Defendants next contend that as to Renollet Homes, Inc., the theories of contract, implied warranty and negligence were inconsistent and that the trial court committed reversible error in refusing to require plaintiffs to elect between their theories prior to the close of defendants' case when plaintiffs did elect to stand on negligence and breach of contract. The record is not clear as to precisely when the trial court required plaintiffs to elect. Plaintiffs claim the order to elect was made at the close of plaintiffs' evidence and further that in any event the order was erroneous since, under the evidence of this case, their theories were not inconsistent. Defendants, on the other hand, claim that the order to elect was not made until the close of their evidence and that they were put to disadvantage in attempting to defend against all three theories. The only reference to election made by the trial court which we are able to find in *163 the rather confusing record is a comment of the trial court at the close of defendants' evidence when, apparently, defendants renewed their motion. The trial court is quoted in the record as follows:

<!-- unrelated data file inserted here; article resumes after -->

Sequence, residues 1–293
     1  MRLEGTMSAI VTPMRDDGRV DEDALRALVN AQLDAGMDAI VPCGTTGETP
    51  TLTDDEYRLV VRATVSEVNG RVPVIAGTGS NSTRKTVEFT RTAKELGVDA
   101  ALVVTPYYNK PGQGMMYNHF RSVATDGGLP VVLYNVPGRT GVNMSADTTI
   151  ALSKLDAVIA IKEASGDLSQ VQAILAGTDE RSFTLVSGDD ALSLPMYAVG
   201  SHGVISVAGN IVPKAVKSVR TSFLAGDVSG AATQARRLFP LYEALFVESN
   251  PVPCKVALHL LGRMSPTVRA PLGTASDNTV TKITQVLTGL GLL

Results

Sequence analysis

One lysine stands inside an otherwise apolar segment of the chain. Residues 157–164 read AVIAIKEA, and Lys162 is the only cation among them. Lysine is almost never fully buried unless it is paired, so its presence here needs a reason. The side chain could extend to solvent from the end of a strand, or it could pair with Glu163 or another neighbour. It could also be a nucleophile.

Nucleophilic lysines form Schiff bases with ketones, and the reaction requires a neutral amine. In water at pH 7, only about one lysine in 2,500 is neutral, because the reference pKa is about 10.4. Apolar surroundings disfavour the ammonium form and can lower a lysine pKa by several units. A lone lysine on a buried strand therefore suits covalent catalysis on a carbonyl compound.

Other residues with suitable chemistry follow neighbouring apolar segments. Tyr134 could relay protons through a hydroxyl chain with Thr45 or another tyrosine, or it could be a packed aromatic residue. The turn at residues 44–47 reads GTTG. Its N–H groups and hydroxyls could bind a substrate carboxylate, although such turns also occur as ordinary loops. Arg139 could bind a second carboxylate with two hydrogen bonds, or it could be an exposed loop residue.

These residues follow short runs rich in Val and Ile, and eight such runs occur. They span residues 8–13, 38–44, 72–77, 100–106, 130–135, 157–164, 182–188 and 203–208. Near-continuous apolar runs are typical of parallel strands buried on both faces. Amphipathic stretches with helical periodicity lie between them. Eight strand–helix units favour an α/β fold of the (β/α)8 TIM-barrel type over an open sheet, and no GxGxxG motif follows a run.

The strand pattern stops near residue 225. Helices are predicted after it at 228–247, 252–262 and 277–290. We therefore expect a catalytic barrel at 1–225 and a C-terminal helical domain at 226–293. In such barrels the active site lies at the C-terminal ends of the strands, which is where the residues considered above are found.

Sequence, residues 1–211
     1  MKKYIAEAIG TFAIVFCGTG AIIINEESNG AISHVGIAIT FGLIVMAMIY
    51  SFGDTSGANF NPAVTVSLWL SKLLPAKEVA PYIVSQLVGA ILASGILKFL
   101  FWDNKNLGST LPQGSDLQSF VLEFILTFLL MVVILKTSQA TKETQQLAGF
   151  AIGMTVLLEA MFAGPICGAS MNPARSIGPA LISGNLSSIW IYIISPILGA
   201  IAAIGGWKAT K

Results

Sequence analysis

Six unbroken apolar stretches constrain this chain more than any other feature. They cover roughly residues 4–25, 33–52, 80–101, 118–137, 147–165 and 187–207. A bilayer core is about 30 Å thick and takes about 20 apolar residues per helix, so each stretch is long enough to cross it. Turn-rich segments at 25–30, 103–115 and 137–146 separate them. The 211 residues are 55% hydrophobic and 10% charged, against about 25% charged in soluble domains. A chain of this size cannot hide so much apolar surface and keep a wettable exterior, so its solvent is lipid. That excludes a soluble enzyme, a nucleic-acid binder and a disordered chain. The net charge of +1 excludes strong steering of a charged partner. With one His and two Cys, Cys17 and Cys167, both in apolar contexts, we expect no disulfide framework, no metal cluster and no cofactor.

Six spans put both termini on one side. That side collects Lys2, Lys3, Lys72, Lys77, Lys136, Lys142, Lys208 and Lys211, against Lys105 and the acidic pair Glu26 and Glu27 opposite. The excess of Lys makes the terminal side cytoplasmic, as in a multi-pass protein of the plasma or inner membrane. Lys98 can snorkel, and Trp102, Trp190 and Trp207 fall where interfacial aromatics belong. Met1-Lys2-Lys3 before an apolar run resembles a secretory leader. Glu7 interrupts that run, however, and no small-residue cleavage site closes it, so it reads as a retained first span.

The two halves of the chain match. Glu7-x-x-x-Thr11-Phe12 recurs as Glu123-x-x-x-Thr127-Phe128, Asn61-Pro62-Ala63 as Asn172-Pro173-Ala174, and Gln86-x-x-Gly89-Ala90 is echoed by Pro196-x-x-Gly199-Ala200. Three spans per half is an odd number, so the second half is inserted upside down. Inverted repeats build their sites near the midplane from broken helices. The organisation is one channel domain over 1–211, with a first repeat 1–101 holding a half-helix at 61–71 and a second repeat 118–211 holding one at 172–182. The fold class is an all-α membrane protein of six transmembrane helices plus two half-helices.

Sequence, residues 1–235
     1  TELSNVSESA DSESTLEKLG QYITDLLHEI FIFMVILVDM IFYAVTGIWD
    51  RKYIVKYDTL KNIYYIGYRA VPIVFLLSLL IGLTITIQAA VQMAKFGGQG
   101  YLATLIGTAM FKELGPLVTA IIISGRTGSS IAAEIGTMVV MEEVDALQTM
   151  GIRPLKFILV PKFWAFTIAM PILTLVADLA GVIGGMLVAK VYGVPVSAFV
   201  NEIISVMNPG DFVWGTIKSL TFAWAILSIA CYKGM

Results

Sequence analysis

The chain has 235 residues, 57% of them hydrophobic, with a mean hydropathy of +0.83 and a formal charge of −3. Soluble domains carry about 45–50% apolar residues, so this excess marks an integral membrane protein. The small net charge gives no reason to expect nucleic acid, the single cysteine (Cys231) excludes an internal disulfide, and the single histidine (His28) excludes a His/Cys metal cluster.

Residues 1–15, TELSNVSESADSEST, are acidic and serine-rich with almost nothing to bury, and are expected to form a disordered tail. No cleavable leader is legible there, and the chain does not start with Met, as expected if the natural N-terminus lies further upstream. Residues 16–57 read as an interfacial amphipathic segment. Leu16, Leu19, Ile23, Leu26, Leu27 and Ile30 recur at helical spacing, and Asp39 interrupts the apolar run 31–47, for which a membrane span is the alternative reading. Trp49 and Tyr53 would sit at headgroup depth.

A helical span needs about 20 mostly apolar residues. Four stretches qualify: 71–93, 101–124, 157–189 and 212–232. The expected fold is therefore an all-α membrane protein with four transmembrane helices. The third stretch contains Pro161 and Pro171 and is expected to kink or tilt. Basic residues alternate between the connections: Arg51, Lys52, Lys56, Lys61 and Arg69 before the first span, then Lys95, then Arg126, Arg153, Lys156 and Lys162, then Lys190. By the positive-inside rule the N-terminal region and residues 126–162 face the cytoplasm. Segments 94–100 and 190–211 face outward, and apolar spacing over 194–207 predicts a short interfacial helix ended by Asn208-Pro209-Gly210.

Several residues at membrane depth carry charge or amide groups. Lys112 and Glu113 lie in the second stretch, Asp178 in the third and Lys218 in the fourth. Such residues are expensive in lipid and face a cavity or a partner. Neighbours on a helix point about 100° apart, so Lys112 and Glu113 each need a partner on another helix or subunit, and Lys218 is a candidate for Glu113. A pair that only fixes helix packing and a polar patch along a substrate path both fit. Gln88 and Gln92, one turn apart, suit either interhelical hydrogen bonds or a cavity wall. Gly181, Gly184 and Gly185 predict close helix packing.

"And the Court did require, and has required, plaintiff to elect between his theories of breach of warranty and breach of contract. And plaintiff has elected to proceed on the theory of breach of contract, rather than breach of warranty when given that option by the Court. It was not a voluntary election on the part of the plaintiff, it was one after the Court ruled that, and I'm now recording that I did rule yesterday that he had to take an election. And I am not trying to preclude Mr. Sherwood from stating his opposition in that rule, I'm just stating the reasons for it now."